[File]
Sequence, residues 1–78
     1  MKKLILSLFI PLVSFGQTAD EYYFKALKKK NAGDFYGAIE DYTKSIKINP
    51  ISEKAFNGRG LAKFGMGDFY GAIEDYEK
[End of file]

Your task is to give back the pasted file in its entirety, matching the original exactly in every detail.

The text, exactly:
Sequence, residues 1–78
     1  MKKLILSLFI PLVSFGQTAD EYYFKALKKK NAGDFYGAIE DYTKSIKINP
    51  ISEKAFNGRG LAKFGMGDFY GAIEDYEK